The festival of Pongal is celebrated mainly in Southern India and is a parallel to the more widely celebrated occasion of Makar Sankranti (January 14th). Pongal is usually celebrated over a span of four days with great fervor and is connected to the harvest, the sun, the end of winter and many more traditional events which have their roots in legend and hinduism.
This article is our archive (or linked-list) of (perhaps) some of the most informative articles on Pongal – they cover the subjects of tradition, significance, legends and food recipes connected with this wonderful festival. Happy Pongal!
Makar Sankranti is observed on the 14th of January every year and is (incorrectly) thought to coincide the astronomical event of the northward motion of the sun (uttarayana) from the tropic of capricorn towards the tropic of cancer. In India, it also marks the end of winter and the onset of spring and the progression […]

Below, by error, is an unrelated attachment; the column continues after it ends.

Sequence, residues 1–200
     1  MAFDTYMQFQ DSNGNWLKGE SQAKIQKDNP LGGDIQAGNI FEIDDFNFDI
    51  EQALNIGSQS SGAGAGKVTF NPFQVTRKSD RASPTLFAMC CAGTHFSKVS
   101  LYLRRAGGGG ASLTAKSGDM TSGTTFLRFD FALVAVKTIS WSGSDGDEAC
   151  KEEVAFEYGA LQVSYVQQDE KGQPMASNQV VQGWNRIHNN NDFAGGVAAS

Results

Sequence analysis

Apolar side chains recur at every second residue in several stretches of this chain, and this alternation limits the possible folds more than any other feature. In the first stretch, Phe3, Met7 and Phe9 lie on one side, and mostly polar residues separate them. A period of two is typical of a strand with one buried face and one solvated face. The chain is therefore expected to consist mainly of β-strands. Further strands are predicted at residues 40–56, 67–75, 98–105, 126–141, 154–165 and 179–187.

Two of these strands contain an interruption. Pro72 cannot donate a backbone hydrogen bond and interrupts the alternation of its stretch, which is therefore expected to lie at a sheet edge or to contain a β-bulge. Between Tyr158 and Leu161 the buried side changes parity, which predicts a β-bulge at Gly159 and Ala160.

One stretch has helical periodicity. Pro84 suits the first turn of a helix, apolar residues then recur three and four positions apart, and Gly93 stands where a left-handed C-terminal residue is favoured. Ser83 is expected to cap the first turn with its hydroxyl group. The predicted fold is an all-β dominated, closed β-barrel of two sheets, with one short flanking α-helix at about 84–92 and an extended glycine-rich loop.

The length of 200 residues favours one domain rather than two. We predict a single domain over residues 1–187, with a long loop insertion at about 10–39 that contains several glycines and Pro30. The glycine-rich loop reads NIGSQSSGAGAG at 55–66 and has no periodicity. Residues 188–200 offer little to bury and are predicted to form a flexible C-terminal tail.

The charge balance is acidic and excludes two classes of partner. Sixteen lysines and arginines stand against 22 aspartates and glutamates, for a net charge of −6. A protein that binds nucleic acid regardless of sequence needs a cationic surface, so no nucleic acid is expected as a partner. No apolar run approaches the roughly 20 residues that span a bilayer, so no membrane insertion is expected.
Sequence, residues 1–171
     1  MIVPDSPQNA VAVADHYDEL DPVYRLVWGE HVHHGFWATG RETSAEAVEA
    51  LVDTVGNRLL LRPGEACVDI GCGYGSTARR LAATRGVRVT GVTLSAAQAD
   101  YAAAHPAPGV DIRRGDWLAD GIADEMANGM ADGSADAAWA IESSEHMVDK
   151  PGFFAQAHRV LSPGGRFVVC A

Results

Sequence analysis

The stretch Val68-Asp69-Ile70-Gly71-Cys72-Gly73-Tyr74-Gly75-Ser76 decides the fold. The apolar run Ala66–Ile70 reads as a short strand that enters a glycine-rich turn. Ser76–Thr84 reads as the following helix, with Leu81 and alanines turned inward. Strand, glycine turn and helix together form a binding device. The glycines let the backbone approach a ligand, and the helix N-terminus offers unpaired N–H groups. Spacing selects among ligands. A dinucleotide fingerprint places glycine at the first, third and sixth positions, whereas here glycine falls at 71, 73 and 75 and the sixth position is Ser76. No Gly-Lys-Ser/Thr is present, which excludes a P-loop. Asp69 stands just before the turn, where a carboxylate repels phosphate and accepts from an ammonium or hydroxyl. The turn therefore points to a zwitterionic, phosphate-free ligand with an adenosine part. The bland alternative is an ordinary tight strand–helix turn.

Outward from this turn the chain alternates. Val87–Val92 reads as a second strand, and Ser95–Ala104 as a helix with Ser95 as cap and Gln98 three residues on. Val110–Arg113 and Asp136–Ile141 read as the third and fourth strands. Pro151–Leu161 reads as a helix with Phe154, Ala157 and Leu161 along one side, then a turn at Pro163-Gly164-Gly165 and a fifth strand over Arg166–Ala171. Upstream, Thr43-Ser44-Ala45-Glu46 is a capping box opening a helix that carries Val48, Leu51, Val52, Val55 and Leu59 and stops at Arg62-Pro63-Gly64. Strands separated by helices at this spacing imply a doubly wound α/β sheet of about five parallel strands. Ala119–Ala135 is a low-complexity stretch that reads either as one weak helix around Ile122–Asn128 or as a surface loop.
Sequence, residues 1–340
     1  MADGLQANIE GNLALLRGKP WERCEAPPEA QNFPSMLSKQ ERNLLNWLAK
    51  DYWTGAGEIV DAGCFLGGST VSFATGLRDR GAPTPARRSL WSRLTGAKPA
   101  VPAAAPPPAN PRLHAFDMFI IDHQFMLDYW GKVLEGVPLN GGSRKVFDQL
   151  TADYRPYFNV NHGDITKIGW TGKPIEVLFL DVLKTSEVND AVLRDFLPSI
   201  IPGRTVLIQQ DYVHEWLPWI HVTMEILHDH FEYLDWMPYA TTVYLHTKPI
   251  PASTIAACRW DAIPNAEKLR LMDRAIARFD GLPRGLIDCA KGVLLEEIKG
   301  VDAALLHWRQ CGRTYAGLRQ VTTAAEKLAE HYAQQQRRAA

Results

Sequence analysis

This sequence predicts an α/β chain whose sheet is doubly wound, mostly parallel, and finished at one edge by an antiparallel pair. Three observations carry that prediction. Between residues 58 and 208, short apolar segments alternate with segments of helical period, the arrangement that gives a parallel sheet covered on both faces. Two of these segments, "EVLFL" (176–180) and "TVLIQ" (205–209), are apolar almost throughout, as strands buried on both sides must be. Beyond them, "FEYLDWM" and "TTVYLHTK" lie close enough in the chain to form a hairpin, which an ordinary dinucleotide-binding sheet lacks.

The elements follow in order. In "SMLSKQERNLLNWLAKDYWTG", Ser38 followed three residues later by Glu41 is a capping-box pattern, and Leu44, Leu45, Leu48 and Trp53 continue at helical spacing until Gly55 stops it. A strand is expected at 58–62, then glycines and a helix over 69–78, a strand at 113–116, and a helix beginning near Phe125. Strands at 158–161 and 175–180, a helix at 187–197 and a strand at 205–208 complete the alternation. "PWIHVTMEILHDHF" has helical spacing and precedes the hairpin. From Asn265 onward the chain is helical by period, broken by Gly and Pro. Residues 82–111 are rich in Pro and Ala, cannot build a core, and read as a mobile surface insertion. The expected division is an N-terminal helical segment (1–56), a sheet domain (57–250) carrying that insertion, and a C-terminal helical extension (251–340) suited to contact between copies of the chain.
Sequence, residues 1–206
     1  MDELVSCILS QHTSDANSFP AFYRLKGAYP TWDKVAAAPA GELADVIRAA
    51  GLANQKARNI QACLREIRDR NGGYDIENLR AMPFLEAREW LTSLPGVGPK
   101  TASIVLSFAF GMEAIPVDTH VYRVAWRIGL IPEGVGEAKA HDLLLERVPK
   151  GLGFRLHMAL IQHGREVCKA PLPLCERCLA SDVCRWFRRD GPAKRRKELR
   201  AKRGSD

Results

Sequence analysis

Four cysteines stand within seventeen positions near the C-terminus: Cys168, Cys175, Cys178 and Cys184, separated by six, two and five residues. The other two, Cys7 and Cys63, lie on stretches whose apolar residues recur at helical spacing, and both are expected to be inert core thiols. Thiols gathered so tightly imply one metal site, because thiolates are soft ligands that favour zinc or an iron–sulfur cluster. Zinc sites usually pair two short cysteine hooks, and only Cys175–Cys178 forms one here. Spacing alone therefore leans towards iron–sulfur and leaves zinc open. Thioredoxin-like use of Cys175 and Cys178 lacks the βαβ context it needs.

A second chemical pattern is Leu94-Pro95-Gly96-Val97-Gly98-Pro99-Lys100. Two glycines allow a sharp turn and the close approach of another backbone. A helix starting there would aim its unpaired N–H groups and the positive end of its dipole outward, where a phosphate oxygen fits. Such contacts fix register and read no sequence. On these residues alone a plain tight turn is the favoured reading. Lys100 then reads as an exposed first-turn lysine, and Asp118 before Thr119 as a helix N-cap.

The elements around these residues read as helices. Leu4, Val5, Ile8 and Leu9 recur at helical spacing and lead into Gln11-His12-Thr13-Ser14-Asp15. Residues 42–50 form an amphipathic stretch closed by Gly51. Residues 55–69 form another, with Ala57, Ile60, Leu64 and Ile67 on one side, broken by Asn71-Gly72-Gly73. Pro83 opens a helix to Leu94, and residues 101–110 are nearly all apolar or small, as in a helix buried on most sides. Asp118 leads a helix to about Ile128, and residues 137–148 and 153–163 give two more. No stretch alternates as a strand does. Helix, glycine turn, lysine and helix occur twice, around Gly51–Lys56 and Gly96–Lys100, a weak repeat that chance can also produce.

Happy Makar Sankranti (January 14th) to all our readers. We hope that you are celebrating with friends and family. If you aren’t with family or friends, we hope you can celebrate online with us and elsewhere on the Internet.
As I was contemplating the meaning of uttarayan and the significance of this day, this thought came to me – and I humbly share with you –
Is today the day we start asking “what can I do for you?” instead of thinking “what have they done for me?”
Enjoy with sweets and kites, and may Sri and Narayana bless you, always!
Makar Sankranti is observed on the 14th of January every year and marks the astronomical event of the northward motion of the sun from the tropic of capricorn towards the tropic of cancer. In India, it also marks the end of winter and the onset of spring and the progression or change (sankranti) of the sun into the sign or raashi of capricorn (makar).